Sue is as articulate and passionate on the phone as she was in writing Lioness. There is a seriousness in her manner, but you can tell she also has much love to give. Both passion and love come to fore when we turn our conversation to adoption, families and motherhood.
In fact, if there’s one thing she wants her memoir to achieve, it’s for readers to “take away a broader view of family, how they are made up and how successful they are. I want to dispel the myth that the birth family is superior and the birth mother is the one, because I feel that as a woman, I’m quite happy to say that I’ve raised my sister’s children.”
Too long, Sue believes, society has viewed adoption and adopted children as inferior. “If you adopt a child, that’s so often a negative thing because people think that’s the second best thing because you couldn’t produce your own baby,” she says. “I really dislike that because that is labelling adopted children second best.
“These children [Saroo and Mantosh] are my first choice and I spent a lot of time trying to validate that and this book will be my final comment on that to publicly say that these boys were our first choice.”
For Sue, what’s more important when it comes to raising children isn’t biology, but love and good intentions. It’s an idea partly influenced by her own experience. As she wrote in her memoir, “I was made to believe that children were incidental—that they just happened along and that their purpose was to work hard and support their family.”
Filled with the sense that her parents had everything wrong, she resolved to treat any children she had differently.
“If you are going to be a mother, you have to choose that as a task, as an undertaking, and furthermore, you have to prepare yourself for it,” she says. “It really needs to be more considered and more effort put into being the best mother possible.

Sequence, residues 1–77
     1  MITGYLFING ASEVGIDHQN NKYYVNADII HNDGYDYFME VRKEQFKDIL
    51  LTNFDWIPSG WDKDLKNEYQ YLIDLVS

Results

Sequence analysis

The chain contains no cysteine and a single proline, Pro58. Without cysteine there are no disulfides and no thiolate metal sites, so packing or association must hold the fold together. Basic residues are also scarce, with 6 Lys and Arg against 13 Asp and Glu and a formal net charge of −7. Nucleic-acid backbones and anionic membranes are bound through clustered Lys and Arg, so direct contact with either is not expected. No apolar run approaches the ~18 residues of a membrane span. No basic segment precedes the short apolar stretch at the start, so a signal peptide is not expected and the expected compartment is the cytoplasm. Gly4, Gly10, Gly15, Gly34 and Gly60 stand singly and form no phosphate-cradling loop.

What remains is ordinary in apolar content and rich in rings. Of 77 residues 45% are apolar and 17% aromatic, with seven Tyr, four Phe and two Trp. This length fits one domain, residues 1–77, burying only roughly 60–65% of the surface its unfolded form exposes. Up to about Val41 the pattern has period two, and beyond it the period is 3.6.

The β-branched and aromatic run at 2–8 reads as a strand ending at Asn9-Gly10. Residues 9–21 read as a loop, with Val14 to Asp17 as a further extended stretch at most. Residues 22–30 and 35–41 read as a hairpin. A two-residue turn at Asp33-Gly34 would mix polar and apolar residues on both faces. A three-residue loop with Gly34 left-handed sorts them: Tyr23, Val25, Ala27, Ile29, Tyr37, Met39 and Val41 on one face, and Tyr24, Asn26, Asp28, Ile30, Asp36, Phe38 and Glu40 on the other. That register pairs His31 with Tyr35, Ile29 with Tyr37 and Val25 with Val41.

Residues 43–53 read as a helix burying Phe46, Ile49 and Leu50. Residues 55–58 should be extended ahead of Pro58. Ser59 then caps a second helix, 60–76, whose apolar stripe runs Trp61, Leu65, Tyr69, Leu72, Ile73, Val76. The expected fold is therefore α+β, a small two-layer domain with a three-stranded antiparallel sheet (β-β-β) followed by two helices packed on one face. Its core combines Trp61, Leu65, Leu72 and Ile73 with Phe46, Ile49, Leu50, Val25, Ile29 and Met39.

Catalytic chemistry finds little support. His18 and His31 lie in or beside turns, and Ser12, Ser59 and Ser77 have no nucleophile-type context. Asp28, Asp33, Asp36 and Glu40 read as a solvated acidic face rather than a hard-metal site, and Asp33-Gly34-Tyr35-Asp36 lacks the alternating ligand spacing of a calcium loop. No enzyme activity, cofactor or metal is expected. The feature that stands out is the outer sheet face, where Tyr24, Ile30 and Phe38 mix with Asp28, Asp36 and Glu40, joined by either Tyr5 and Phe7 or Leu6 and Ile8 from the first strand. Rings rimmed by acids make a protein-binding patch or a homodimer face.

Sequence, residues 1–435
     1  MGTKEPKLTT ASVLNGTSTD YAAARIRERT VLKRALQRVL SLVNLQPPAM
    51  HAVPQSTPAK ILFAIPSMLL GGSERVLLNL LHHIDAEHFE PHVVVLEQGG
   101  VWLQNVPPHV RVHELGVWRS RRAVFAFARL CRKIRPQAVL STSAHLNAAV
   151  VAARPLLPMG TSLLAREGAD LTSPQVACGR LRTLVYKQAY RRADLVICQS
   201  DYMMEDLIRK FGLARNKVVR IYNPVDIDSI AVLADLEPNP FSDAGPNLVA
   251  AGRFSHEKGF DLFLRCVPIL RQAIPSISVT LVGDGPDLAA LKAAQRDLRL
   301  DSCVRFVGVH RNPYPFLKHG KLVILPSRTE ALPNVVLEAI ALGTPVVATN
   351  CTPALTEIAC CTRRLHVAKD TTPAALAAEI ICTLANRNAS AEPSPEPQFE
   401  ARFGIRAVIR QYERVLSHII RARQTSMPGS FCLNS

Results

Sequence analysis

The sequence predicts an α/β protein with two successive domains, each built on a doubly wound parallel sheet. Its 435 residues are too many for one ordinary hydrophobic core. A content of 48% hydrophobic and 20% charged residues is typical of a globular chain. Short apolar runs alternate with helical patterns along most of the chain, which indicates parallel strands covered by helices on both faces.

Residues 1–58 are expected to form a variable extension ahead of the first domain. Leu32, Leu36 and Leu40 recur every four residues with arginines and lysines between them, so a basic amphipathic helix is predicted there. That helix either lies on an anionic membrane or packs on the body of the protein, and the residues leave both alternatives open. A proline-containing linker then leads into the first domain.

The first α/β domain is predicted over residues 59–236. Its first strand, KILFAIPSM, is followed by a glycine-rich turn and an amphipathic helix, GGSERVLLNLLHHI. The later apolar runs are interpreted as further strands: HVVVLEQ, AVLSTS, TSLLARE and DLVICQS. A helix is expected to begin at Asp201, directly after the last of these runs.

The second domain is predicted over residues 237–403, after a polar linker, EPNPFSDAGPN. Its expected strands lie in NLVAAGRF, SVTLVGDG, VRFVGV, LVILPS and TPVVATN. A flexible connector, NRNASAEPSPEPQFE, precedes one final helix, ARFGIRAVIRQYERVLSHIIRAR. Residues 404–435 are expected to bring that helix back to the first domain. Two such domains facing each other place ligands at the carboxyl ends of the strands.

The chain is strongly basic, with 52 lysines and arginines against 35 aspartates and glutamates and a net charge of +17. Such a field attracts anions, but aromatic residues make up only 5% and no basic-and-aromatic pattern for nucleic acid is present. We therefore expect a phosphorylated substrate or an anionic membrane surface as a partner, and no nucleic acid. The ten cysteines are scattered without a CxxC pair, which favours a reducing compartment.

“If you’ve got purity of love and good intentions, then you know how to undertake your actions. If you don’t have the love or good intentions, you just flounder around doing a very ordinary job of being a mother, and that’s not a good thing in our society. It’s such a terrible shame.”
Her views are reminiscent of the Bible, in which it states if our actions and behaviour do not originate from love, we gain nothing.
Sue admits to feeling nervous about sharing her views because she realises it may not be popular, “but in the end, I’m at the stage in my life that I feel that I’ve got to tell the truth. I can’t watch my society behaving in a way that’s really no better than it was when I was a child and that’s my purpose.
“The life that you have in your hands,” she continues, “you really have one opportunity to make that good—it’s very difficult to recover from harm that’s caused in childhood.”
Sue speaks from personal experience in that instance, saying that all the damage and abuse she had to endure as a child (heartbreakingly detailed in her memoir) will continue to be with her till the day she dies.
At the world premiere of Lion at the Museum of Modern Art, New York, in 2016.
As we wrap up our conversation, I take the opportunity to confess to Sue I once considered adoption—for the same reasons she listed; there are too many children in the world who need to be loved—but never found the courage to do so.
Her response is typical of her underlying spirituality and inherent trust in a higher power. Often, when her children were young, she would send prayers to ensure their birth mothers knew Saroo and Mantosh were safe and well loved.
“Once you choose your path and set it in your heart, do not give up. I know how to stay the path and it took a long time, but I would never regret it. Don’t give up. I trust the heavens,” she assures me.
Reading Sue’s memoir and in speaking with her, it’s obvious she stands for no nonsense. And yet, within that, is an overwhelming well of love. I get the sense that she still hasn’t gotten used to all the attention she’s received since the release of Saroo’s memoir and subsequent movie—and now her memoir.
“This has been insanity for me, all these talks and chats,” she admits. “But I have enjoyed our little chat. It’s been lovely.”
And it had indeed been lovely.
Lioness by Sue Brierley is out now.